Australia and New Zealand were previously flu-free, Holland says. “After the recent outbreak, all horses began to be swabbed.”
Holland helped to write the American Assn. of Equine Practitioners’ vaccination guidelines as a member of a panel of U.S. veterinarians.
Veterinarians using human flu test kits are getting good results testing horses for influenza stallside, Holland says. The internal proteins in human and horse flu viruses are similar, though the outsides are different. The $25 to $35 Directigen kits look for internal proteins–the swabs show a triangle for positive cultures and a dot for negative ones.
Nasal swabs can be submitted by overnight courier for testing to state labs, veterinary laboratories or vet school laboratories. There is no charge if veterinarians who suspect flu test at the Maxwell H. Gluck Equine Research Center in Lexington, Ky.
The intranasal vaccine works well, Holland said, although the intramuscular ones also offer good protection.
“With a killed vaccine, more flu viruses will up the antigen load,” he says. “This has worked very well to get a better response by adding more antigen.”
Vaccine manufacturers are searching for different–and better–ways to fight influenza.
Merial of Duluth, Ga., has developed a recombinant vaccine that uses the canarypox vector, which stimulates both a cell-mediated response as well as a humoral immune response.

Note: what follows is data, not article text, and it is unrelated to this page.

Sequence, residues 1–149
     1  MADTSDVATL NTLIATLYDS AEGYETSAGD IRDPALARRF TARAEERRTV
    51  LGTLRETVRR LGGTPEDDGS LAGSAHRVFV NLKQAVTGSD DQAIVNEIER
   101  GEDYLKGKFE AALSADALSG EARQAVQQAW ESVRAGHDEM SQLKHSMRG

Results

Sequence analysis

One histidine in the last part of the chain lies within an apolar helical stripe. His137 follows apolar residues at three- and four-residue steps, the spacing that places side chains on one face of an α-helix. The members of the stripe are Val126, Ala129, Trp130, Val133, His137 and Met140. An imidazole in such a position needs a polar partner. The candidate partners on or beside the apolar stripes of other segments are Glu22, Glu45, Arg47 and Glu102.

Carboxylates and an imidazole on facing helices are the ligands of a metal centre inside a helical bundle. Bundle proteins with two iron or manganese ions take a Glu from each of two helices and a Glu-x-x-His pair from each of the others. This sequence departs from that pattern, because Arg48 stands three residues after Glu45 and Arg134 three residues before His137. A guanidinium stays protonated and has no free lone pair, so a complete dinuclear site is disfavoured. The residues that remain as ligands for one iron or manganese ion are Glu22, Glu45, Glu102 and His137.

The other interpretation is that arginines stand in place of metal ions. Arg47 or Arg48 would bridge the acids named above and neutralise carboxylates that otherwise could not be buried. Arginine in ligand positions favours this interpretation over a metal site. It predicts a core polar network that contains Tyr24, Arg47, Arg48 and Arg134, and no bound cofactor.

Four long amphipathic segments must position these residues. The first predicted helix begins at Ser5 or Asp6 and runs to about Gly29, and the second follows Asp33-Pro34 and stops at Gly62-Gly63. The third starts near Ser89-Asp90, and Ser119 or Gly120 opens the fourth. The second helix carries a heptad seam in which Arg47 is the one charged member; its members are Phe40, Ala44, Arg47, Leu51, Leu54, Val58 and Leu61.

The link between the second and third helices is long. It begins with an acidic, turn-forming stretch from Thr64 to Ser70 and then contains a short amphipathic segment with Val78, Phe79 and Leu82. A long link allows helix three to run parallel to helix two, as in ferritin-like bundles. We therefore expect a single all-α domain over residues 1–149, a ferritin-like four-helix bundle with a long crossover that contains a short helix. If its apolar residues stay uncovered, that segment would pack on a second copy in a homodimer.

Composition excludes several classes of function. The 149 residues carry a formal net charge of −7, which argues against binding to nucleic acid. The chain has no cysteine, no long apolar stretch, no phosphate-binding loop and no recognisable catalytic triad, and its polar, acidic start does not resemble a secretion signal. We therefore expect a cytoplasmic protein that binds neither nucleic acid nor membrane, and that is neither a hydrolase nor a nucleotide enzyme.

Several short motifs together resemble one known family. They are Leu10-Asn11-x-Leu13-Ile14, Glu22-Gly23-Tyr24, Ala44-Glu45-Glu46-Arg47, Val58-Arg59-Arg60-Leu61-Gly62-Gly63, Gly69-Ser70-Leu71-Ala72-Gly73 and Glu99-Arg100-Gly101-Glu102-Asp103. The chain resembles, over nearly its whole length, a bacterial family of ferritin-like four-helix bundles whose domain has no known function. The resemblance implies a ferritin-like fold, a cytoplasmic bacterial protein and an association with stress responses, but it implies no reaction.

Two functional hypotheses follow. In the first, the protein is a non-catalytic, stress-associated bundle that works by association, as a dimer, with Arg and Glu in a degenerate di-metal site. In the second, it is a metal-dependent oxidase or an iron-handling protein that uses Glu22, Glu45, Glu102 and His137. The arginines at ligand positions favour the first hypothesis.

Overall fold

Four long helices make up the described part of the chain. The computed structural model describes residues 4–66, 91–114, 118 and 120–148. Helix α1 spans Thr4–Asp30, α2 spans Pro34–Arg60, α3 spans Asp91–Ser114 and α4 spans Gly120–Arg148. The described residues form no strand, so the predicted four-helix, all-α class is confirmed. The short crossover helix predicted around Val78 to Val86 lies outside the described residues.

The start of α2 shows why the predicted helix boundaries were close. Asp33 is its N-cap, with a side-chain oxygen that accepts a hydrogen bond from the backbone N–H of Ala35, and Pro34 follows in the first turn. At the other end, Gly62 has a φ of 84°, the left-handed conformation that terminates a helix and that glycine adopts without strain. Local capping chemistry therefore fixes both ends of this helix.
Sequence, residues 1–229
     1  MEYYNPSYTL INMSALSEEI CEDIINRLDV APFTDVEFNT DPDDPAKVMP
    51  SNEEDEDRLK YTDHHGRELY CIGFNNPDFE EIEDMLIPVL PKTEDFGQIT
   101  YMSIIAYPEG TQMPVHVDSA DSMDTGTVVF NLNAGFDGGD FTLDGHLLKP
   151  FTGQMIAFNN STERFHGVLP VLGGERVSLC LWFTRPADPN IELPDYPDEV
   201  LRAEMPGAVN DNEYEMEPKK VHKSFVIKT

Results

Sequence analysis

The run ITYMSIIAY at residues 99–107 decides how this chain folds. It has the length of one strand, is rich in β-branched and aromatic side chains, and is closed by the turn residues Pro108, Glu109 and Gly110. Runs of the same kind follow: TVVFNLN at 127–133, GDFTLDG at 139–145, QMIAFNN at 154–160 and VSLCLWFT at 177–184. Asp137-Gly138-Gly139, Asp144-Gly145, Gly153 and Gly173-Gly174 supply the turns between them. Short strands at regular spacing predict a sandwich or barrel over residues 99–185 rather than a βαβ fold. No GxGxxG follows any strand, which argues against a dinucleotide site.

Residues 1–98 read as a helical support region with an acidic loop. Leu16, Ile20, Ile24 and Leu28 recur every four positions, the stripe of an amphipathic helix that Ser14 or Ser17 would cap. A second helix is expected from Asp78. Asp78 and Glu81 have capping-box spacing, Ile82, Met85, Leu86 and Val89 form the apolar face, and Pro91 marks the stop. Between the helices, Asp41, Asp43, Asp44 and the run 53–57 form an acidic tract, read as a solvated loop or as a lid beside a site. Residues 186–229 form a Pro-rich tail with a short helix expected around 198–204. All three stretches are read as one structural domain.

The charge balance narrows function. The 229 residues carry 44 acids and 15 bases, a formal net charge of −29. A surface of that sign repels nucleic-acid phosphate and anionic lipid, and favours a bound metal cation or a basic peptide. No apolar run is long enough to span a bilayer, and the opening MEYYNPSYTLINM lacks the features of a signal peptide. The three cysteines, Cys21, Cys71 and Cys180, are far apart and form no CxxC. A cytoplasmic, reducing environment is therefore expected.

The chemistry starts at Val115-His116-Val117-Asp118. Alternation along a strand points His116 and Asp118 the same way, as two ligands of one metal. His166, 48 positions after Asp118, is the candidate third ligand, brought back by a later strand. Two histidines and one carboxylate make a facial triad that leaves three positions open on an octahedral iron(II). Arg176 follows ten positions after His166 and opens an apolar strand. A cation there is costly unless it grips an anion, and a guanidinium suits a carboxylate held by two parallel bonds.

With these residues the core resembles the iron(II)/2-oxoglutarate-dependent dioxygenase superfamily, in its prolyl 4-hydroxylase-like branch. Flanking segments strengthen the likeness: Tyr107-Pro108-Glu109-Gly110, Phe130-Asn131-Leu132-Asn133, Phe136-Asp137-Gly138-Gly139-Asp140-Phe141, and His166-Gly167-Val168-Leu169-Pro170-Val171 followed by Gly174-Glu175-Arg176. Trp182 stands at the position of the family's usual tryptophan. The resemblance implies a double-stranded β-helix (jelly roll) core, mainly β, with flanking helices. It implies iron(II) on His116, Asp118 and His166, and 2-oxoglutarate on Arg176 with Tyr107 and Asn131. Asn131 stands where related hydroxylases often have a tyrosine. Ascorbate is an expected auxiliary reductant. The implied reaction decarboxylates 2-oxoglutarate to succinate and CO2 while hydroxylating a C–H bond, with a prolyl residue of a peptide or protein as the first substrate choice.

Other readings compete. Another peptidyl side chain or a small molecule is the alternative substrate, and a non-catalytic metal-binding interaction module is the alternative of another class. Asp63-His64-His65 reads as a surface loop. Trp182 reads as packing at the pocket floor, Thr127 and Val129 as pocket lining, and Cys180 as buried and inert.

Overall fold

Its Recombitek Equine Influenza Virus vaccine, proven against a highly virulent American strain of equine flu, significantly reduces viral shedding, which in turn may help stop the spread of the influenza, says April Knudson, DVM, an equine specialist with Merial’s large-animal veterinary services group.
Knudson says Recombitek covers both ends of the immunization spectrum, acting like a modified-live vaccine while being a recombinant one. It is administered intramuscularly.
She says there is no possibility of horses getting an influenza infection from the recombinant vaccine.
“Horses get a good systemic immune response from the canarypox-vectored vaccine,” she said. “A cough can spread infected droplets 50 yards, and one sick horse can infect up to 10 horses.”
Merial’s vaccination technology has been used successfully for more than a decade to immunize dogs, cats and horses.